Anantakrishna Aiyar, J.
1. The 1st defendant is the appellant before me, and the only question that arises in this Second Appeal is whether the plaintiff, the hypothecatee, is entitled to post diem interest after 23rd May, 1911, the date for payment fixed in the document. The document recites that the mortgagor borrowed Rs. 1,000 from the mortgagee, and it states that the amount would be paid within a period of two years, namely, 23rd May, 1911... There is also a provision as regards payment of interest once in six months, and a further provision that, if interest be not regularly so paid, the interest in arrears should carry interest at 12 per cent. Contrary to the expectations of the parties, the mortgagor did not pay the amount in 1911, the period of two years fixed in the document, and the suit was instituted by the mortgagee in 1923 to recover the principal, interest, and interest on interest as provided in the document. Both the Lower Courts have held in favour of the plaintiff as regards post Sent interest. The District Munsif however held that the rate to be awarded as interest on arrears of interest should be restricted to 9 per cent., whereas the Lower Appellate Court held that the same should be paid at the rate of 12 per cent as provided in the document.
2. The learned Advocate for the appellant contends that no post diem, interest at all is payable if the document be properly construed. He also criticises the award of interest upon arrears of interest by the Lower Appellate Court. There are considerations mentioned in the judgment of the Privy Council reported in Mathura Das v. Raja Narinddr which would warrant the award of post diem interest. I may at once answer the preliminary argument of the learned Advocate for the appellant by saying to be consistent I should either disallow all post diem interest after 1911, or allow post diem interest plus interest on interest as provided in the document. Both the Lower Courts have construed this document as entitling the plaintiff, the hypo-thecatee, to post diem interest, and after consideration I think they are right The ordinary presumption in such cases is this--though a period is fixed for payment of the amount due and though the mortgagor hoped to be able to discharge the amount due on or before the fixed period, the Courts having regard to the ordinary intentions of parties and common course of conduct are entitled to presume that the real intention was that interest should be paid till the amounts are actually repaid, and as put by Sir KumaraswamiSastri, J., in Agnes Isabella Campbell v. Audikesavulu Naidu (1924) 20 L.W. 153 'unless there be anything in the document which necessarily indicates that the parties did not intend to pay post diem interest,' the tendency of the Courts has been to award such interest.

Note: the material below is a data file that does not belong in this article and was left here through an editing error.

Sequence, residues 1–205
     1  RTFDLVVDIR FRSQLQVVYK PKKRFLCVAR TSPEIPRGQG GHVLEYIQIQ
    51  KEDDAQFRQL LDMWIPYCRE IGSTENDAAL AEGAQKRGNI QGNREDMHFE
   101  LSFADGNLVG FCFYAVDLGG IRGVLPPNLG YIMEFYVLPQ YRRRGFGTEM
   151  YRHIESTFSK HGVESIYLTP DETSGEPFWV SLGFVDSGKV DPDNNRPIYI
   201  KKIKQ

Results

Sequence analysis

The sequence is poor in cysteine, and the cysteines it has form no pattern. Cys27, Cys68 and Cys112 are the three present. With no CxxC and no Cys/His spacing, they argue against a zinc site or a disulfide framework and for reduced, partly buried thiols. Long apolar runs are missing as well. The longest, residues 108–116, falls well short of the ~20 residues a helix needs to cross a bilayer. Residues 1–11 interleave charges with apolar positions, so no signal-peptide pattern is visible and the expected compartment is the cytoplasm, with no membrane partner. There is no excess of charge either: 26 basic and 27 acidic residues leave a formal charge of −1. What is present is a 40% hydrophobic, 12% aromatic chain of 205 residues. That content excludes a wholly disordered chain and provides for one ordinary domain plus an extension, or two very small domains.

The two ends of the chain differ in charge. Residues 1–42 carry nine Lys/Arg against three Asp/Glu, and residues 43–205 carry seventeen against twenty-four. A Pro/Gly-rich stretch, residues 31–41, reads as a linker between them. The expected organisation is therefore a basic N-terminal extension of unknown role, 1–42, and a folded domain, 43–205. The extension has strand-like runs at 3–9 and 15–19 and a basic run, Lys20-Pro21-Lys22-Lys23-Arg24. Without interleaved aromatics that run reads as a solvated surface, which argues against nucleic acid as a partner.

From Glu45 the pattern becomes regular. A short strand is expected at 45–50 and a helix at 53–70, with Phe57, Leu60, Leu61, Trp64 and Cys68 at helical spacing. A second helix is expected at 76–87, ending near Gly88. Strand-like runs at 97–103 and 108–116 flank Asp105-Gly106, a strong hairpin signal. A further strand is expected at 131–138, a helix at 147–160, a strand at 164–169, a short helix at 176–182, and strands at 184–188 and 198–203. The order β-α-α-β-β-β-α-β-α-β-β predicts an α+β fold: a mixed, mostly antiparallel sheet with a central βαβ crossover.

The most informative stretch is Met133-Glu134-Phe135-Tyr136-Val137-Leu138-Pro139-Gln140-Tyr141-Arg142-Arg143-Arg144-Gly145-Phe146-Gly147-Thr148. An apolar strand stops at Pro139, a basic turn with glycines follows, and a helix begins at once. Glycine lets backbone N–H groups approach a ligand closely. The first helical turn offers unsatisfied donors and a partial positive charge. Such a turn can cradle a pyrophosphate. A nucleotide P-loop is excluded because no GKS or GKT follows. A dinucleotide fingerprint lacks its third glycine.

3. My attention has been drawn to two cases decided by this Court, viz., Narasimhayya v. Srinivasayya (1918) 36 M.L.J. 118. (Sadasiva Aiyar and Spencer, JJ.) and Ghantayya v. Papayya I.L.R.(1899) M. 534 (Subramania Aiyar and Moore, JJ.). In the second of these cases, reference was made to a Calcutta decision where Maclean and Banerji, JJ. observed that 'in a simple mortgage transaction it is not an unusual intention, that if the principal money he not paid by the stipulated time, interest should continue to run and run at the stipulated rate.' Having regard to the decisions which have laid down that, unless intention to the contrary be clear, interest should be decreed by Courts till payment of the debt, I think that the Lower Courts have rightly come to the conclusion that in this particular case the plaintiff is entitled to interest as claimed.
4. Finally, the learned Advocate for the appellant wanted to restrict the operation and scope of the ruling of the Privy Council reported in Mathura Das v. Raja Narindar (1896) L.R. 23 IndAp 139 : I.L.R. A. 39 : 1896 6 M.L.J. 214 (P.C) by drawing my attention to the circumstance that as a matter of fact in that particular case the mortgage deed contained a provision that the mortgagor would not alienate the property till the amount due to the hypothecatee had been paid; and it was argued that it was owing to the existence of such condition that the Privy Council held that post diem interest was awardable. I am unable to accept this contention. This Privy Council decision has been considered in Narasimhayya v. Srinivasayya (1918) 36 M.L.J. 118 Ghdntayya v. Papayya and Agnes Isabella Campbell v. Audikesavulu Naidu (1924) 20 L.W. 153. I am not able to say that the learned Judges who decided those cases understood the Privy Council decision in the way in which the learned Advocate for the appellant wants me to understand the same. No doubt he was able to draw my attention to a decision of the Allahabad High Court, Balwant Singh v. Gayan Singh I.L.R.(1913) A 534 where the learned Judges of the Allahabad High Court do say that in the absence of such provision in the mortgage deed as existed in Mathura Das v. Raja Narindar (1896) L.R. 23 IndAp 139: I.L.R. 1896 A. 39 : 6 M.L.J. 214 (P.C), the Allahabad High Court was not prepared to award post diem interest. But having regard to the decision of this Court and having regard to the reasons contained in the Privy Council decision, I am inclined to think that the learned Judges of the Allahabad High Court have (speaking with all respect) put rather too restricted a construction on the decision of the Privy Council reported in Mathura Das v. Raja Narindar (1896) L.R. 23 IndAp 139: I.L.R. A. 39 : 6 M.L.J. 214 (P.C).
5. For the reasons I have mentioned, I think that the Lower Appellate Court was right in allowing post diem interest and also interest on interest at the rates mentioned in the document, and I accordingly dismiss the Second Appeal with costs.